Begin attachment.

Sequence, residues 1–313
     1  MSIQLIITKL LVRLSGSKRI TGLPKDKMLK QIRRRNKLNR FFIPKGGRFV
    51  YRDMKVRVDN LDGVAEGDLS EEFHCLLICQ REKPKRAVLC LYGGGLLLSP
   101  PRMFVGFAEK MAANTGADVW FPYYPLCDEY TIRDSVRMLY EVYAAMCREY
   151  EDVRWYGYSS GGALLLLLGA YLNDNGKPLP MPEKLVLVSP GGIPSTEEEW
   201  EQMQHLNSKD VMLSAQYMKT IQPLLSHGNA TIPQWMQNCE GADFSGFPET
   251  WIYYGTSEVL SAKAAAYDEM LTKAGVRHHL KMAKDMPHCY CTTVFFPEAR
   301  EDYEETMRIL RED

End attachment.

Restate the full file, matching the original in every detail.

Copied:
Sequence, residues 1–313
     1  MSIQLIITKL LVRLSGSKRI TGLPKDKMLK QIRRRNKLNR FFIPKGGRFV
    51  YRDMKVRVDN LDGVAEGDLS EEFHCLLICQ REKPKRAVLC LYGGGLLLSP
   101  PRMFVGFAEK MAANTGADVW FPYYPLCDEY TIRDSVRMLY EVYAAMCREY
   151  EDVRWYGYSS GGALLLLLGA YLNDNGKPLP MPEKLVLVSP GGIPSTEEEW
   201  EQMQHLNSKD VMLSAQYMKT IQPLLSHGNA TIPQWMQNCE GADFSGFPET
   251  WIYYGTSEVL SAKAAAYDEM LTKAGVRHHL KMAKDMPHCY CTTVFFPEAR
   301  EDYEETMRIL RED